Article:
“The reasons for crime change very slowly. People still commit offences for largely the same reasons as they did in the 19th century.”

Vuorela believes that this is due to, for example, financial issues and a childhood environment that makes a person more prone to delinquency.

“For example, our attitude to the financially disadvantaged affects the number of crimes committed.”

To give an example, although the underlying causes of crime have not changed, the means to deter crime have evolved.

“In 19th century Finland, the unemployed and landless were sentenced to prison or transported to Siberia to prevent them from turning to crime,” says Vuorela.

“Socio-economic disadvantage continues to predispose people to criminal behaviour, but our solution now is to strive to prevent crime by ensuring a more equitable distribution of income and wellbeing.”

In the light of history, harsh sentences do not deter crime

Studies of the history of crime and punishment offer us information about the impacts of various criminal policy measures. This gives us insight into the factors that increase and reduce crime.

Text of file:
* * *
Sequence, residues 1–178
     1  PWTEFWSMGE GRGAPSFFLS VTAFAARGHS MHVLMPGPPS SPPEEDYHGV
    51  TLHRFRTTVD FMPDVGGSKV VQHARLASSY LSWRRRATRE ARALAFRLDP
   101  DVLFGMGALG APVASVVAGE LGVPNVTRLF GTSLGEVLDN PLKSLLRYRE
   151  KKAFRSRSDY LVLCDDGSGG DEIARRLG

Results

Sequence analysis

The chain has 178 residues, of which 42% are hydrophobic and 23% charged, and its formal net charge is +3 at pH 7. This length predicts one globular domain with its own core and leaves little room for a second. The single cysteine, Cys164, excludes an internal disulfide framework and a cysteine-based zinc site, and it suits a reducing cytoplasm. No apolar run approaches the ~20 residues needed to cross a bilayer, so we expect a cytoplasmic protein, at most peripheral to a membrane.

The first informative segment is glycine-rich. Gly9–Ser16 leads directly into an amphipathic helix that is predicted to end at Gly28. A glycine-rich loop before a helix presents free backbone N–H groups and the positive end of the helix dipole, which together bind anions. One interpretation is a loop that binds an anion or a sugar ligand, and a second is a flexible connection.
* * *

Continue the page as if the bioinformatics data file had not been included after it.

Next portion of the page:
Vuorela’s material indicates an increase in crime during crises. This is what happened in Finland, for example, during the Civil War and the Second World War. The increase in crime was caused by financial distress, uncertainty about the future and an attitude to violence changed by the wars.

“The typical Finnish reaction to social crises and ensuing crime waves has been to adopt harsher punishments. In light of research, this approach has not led to the desired result of decreasing crime.

The number of prisoners in Finland remained higher than that of Sweden throughout most of the 20th century, even though crime rates followed the same path in both countries. According to statistics, both Finland and Sweden experienced a notable increase in crime from the 1950s to the early 1990s.

“The severity of criminal policy and the number of offences do not correlate.

Crime engendered by a period of crisis begins to decline when the crisis no longer affects people’s lives,” says Vuorela. Criminal policy cannot influence this.